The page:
In 2014, Europe celebrated the centennial of the start of WWI, an event that deeply scarred the 20th century.
In 2014, Europe celebrated the centennial of the start of WWI, an event that deeply scarred the 20th century. It was a century that put into practice ideas from the 19th century, ideas that themselves formed in late 18th century, around the French Revolution. Socialism and nationalism, generous ideas that aimed to emancipate individuals and society, had moved away from their original aim and had gone radical. Through the world war of 1914-1918, humanity had spent bloodily the raging energies of radicalism, but much of that energy was not spent, and would erupt in the Second World War.
Modern heroes are the product of wars that raged across Europe in the first half of the 20th century. Men and women of various social categories went to war with enthusiasm for their ideas. Romanians were no exception, and proof of that are the hundreds of thousands who died. In 1918, when the peace treaties were signed, the descendants of the 10 million dead left by the 4 years of conflict wanted to honor their sacrifice. This was the beginning of the cult of heroes in its grandiose, monumental form.
Historian Daniel Gheorghe: “After WWI, the Versailles peace treaty established the cult of heroes as a measure of reconciliation and rapprochement between the nations that had fought in the war that left tens of millions dead, politically, socially and morally. Romania was one of the first European countries that had taken on the responsibility of paying homage both to its heroes and to those of other nations that had fallen on Romanian soil fighting against Romanians. Hero day was created by decree by King Ferdinand I on May 4, 1920, one month before the treaty of Trianon, which endorsed the Union of 1918, after 3 years of fighting on the frontline, and two years of diplomatic struggle. In Paris, Queen Marie played a crucial role in the recognition of the union.”
All communities feel a need to celebrate their heroes. This cult in its modern state form was the result of the traumas inflicted by WWI. Here is Daniel Gheorghe:
“The cult of heroes also worked during the reign of Carol I, when the heroes of the 1877-1878 War of Independence were honored, as well as the heroes of the Battle of Dealul Spirii of 13 September 1848. In WWI, Romania lost around 960,000 citizens, mostly as a result of disease, epidemics and hardship. At least 350,000 Romanians died weapon in hand, 30,000 in the Battle of Marasesti alone, in July-August 1917, when, on the hottest day, 6,000 Romanians died. The sacrifice was immense, and the cult of heroes was the way of paying homage to them.”
In the years that followed the war, the cult of heroes manifested in various forms. The most important constructions, in addition to countless cemeteries, crypts, monuments and roadside crosses are the Mausoleum in Marasesti, the monument of the nameless hero in Bucharest, and the ensemble called Heroes’ Path built by sculptor Constantin Brancusi in Tg. Jiu.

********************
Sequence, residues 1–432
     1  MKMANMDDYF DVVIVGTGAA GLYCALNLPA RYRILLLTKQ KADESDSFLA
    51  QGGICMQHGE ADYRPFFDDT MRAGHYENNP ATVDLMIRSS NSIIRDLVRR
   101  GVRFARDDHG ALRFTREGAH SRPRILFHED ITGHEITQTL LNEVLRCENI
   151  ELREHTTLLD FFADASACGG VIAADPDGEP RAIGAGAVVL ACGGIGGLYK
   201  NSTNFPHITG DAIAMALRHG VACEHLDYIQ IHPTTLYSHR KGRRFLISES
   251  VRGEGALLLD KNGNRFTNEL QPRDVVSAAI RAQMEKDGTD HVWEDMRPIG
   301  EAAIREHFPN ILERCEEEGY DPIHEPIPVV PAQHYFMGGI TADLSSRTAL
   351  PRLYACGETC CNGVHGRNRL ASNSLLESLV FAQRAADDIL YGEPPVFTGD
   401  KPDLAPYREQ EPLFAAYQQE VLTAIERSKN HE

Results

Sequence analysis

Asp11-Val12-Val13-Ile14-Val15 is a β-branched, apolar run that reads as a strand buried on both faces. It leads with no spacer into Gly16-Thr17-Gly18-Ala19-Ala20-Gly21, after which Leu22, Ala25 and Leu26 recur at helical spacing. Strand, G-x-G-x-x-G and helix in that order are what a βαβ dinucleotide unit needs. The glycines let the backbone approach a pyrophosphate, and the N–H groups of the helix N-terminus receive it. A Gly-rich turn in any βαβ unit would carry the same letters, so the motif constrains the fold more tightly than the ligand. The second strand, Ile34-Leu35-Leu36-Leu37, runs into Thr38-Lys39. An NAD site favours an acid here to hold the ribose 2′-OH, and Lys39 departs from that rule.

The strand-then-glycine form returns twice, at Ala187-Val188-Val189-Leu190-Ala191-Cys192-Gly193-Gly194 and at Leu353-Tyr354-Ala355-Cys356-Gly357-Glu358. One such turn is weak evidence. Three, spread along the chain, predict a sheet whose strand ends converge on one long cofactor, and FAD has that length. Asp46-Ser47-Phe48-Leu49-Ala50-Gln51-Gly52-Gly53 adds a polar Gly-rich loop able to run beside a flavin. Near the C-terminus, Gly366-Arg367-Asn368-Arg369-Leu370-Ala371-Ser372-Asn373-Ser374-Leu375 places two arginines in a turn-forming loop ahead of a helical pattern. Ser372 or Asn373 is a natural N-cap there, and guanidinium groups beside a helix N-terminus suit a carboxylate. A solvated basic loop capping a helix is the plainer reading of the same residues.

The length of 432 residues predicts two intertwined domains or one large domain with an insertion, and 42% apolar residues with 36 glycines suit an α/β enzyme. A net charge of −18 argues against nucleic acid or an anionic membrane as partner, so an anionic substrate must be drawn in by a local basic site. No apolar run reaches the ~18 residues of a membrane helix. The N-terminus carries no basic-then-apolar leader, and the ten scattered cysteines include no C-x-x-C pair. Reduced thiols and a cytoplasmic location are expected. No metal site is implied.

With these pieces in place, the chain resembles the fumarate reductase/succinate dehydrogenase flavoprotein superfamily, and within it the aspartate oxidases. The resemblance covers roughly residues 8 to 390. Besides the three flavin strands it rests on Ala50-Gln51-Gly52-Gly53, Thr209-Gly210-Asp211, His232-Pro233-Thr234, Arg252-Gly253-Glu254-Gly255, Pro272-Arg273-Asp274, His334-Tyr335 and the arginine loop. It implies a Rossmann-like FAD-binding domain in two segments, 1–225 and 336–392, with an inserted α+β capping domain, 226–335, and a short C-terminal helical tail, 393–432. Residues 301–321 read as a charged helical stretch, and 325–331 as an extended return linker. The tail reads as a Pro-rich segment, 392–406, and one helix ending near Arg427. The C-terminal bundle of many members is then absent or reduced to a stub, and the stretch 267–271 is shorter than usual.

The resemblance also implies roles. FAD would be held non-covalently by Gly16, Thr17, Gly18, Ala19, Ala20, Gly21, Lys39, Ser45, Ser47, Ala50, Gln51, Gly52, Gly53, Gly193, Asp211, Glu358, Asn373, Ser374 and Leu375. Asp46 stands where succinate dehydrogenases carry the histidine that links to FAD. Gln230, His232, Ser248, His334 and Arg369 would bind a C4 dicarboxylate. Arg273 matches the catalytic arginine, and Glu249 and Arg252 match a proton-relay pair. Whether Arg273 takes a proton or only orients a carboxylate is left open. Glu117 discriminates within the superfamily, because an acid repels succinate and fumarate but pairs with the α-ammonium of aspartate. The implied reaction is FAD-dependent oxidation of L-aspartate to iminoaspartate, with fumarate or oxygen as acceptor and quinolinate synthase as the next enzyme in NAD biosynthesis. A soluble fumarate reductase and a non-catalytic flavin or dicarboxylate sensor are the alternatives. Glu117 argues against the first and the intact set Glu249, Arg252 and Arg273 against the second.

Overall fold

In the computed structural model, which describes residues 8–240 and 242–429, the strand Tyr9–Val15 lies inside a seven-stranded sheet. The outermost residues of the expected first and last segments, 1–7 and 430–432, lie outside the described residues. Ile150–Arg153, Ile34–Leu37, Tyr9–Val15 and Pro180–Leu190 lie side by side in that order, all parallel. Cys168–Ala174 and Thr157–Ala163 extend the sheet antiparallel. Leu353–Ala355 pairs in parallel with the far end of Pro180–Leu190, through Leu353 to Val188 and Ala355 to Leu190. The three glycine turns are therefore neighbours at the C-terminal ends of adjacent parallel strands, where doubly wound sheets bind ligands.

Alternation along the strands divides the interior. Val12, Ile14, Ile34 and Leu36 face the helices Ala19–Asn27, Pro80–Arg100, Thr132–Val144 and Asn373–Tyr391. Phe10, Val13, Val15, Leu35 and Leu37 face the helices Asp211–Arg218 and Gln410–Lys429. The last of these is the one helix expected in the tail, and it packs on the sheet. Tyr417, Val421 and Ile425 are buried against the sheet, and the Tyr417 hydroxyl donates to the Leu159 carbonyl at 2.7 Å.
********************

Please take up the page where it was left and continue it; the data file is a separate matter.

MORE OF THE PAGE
Here is Daniel Gheorghe: “The cult was under the patronage of the Royal House and the Orthodox Church. There was a Society of Heroes’ Tombs, presided over by Metropolitan Miron Cristea. Romania had hundreds of tombs of Romanian heroes, but also those of other nationals, German, Russian, English, American, French, Hungarians, Bulgarians, Poles who died in the first and second world wars. The Society of Fallen Heroes, under Queen Marie’s high patronage, took care of the tombs. Queen Marie had been the head of the Romanian Red Cross, and the member of the Royal House most sensitive to the suffering of Romanian heroes on fields of battle.”
Heroes’ Day is today a day for all Romanian heroes who fell in battle against the enemies of democracy and freedom. December is a special month, full of symbolism, as it is the month when Romanians freed themselves from communism:
“Heroes’ Day was set on the day of the Lord’s Ascension, a day dedicated to all those who have given their lives for country and freedom, the heroes fallen in the two world wards, the martyrs in communist prisons, the heroes in the anti-communist armed resistance, and the heroes of December 1989. The significance was that of the sacrifice that redeems, that liberates, the sacrifice that uplifts. Patriotism was the fundamental value. There was even a generation of the national ideal of 1918, politicians like the Bratianu brothers, Iuliu Maniu, Alexandru Vaida-Voevod, Nicolae Iorga, and others.”
The cult of heroes is the last homage by which descendants value the sacrifice of people who left for the frontline not to die, but for ideas in interesting and exceptional times. But, as Chinese leader and reformer Deng Xiao Ping said, living in interesting times can be a curse.